A position-dependent pattern of epidermal cell types is produced during the development of the Arabidopsis seedling root and hypocotyl. To understand the origin and regulation of this patterning mechanism, we have examined the embryonic expression of the GLABRA2 (GL2) gene, which encodes a cell-type-specific transcription factor. Using in situ RNA hybridization and a sensitive GL2::GFP reporter, we discovered that a position-dependent pattern of GL2 expression is established within protodermal cells at the heart stage and is maintained throughout the remainder of embryogenesis. In addition, we show that an exceptional GL2 expression character and epidermal cell pattern arises during development of the root-hypocotyl junction, which represents an anatomical transition zone. Furthermore, we find that two of the genes regulating seedling epidermal patterning, TRANSPARENT TESTA GLABRA (TTG) and WEREWOLF (WER), also control the embryonic GL2 pattern, whereas the CAPRICE (CPC) and GL2 genes are not required to establish this pattern. These results indicate that position-dependent patterning of epidermal cell types begins at an early stage of embryogenesis, before formation of the apical meristems and shortly after the cellular anatomy of the protoderm and outer ground tissue layer is established. Thus, epidermal cell specification in the Arabidopsis seedling relies on the embryonic establishment of a patterning mechanism that is perpetuated postembryonically.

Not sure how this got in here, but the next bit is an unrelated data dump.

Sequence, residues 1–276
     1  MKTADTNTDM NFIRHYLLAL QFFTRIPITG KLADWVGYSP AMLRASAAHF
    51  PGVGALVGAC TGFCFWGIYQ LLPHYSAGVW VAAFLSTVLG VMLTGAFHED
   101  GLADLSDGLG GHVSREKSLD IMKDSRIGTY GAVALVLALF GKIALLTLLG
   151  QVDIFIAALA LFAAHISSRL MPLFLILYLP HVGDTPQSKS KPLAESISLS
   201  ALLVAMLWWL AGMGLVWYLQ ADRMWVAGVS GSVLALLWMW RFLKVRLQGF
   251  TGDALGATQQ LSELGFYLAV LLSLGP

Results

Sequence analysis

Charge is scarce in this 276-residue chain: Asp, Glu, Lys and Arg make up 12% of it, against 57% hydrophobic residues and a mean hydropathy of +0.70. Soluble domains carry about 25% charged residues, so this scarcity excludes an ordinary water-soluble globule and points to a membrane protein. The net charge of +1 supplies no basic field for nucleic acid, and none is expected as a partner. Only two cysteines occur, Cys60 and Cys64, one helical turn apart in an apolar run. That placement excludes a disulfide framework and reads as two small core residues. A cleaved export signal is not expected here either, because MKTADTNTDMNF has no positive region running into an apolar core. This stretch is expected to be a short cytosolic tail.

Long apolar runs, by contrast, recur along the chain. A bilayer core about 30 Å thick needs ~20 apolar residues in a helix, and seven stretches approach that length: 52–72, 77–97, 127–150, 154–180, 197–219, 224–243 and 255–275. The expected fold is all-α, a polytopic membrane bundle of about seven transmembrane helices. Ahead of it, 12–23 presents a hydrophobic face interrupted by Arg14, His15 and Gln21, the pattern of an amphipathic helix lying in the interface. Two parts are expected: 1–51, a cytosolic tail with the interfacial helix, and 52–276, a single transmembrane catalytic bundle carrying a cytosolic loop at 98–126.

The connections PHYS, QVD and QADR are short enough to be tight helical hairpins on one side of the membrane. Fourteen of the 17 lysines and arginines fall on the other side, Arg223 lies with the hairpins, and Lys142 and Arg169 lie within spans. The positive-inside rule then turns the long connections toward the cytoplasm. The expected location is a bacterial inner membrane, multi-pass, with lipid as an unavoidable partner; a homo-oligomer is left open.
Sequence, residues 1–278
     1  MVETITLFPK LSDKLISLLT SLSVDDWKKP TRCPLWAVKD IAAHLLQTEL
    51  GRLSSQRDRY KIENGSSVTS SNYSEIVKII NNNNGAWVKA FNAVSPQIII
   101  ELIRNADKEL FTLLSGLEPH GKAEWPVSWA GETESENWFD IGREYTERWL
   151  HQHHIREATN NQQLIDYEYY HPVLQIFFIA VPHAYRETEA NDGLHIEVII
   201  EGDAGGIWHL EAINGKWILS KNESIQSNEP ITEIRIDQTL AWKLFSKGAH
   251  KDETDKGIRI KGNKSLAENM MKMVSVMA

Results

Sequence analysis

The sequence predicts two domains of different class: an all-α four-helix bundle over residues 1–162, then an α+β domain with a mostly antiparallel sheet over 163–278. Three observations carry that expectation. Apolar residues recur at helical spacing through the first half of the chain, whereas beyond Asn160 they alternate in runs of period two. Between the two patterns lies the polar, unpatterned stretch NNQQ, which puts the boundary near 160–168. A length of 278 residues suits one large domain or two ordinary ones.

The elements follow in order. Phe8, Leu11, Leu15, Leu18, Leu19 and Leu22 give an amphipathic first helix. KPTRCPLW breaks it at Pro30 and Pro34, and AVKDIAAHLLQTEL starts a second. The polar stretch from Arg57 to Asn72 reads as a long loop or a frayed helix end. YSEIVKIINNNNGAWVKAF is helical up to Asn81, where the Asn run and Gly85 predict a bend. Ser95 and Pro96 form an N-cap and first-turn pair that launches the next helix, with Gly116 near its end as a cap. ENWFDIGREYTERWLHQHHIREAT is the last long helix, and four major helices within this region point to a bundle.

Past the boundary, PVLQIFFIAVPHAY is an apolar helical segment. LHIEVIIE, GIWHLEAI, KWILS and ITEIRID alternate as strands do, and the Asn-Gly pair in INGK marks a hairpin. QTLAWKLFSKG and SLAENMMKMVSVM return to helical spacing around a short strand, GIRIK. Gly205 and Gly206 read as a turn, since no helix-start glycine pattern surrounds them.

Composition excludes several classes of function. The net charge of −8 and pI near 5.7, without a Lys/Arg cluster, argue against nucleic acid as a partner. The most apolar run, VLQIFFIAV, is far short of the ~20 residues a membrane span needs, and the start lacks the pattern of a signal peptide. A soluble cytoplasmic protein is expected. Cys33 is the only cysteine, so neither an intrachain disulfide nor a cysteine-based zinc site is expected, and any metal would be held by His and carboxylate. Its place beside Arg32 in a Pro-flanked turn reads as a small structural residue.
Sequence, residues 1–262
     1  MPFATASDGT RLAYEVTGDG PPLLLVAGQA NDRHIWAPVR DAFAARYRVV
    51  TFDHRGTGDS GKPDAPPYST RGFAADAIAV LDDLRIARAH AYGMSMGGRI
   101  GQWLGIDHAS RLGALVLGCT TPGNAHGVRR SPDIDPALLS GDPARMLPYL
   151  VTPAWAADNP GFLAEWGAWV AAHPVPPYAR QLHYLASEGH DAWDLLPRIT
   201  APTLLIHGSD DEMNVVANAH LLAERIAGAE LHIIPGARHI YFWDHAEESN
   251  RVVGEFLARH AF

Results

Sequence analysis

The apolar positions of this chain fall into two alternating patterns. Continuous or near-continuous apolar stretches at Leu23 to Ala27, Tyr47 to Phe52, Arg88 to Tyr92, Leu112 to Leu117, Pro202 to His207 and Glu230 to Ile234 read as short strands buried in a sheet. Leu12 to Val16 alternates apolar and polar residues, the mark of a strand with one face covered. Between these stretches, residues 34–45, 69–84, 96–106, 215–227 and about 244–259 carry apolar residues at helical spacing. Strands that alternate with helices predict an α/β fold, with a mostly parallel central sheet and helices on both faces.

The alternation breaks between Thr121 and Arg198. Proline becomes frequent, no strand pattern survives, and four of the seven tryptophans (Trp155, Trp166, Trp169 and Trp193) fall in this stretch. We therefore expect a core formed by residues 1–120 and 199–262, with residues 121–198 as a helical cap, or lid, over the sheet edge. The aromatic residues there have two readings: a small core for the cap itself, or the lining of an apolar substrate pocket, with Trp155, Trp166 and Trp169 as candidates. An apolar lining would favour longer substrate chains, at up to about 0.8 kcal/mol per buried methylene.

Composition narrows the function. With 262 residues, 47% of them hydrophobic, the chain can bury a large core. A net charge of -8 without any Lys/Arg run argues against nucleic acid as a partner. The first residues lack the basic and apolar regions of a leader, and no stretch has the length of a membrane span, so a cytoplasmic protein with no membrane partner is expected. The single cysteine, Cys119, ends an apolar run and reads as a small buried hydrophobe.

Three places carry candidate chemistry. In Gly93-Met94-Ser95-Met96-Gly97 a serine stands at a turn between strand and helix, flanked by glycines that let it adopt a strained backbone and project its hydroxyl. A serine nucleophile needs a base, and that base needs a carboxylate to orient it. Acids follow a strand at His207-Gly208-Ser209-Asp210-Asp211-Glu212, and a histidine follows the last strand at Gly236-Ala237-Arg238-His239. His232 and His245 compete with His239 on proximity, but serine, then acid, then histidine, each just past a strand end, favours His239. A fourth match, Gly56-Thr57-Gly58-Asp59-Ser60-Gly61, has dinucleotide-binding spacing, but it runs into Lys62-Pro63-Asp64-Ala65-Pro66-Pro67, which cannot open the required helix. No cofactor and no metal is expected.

A fundamental feature of development in multicellular organisms is the specification and patterning of distinct cell types. An important issue in cell specification relates to the developmental origin of the mechanisms that establish cell-type patterns. Of particular interest is the relationship between the origin of cell patterning mechanisms and the development of the anatomy and identity of the resident tissues and organs during embryogenesis (Davidson et al., 1998; Simpson et al., 1999).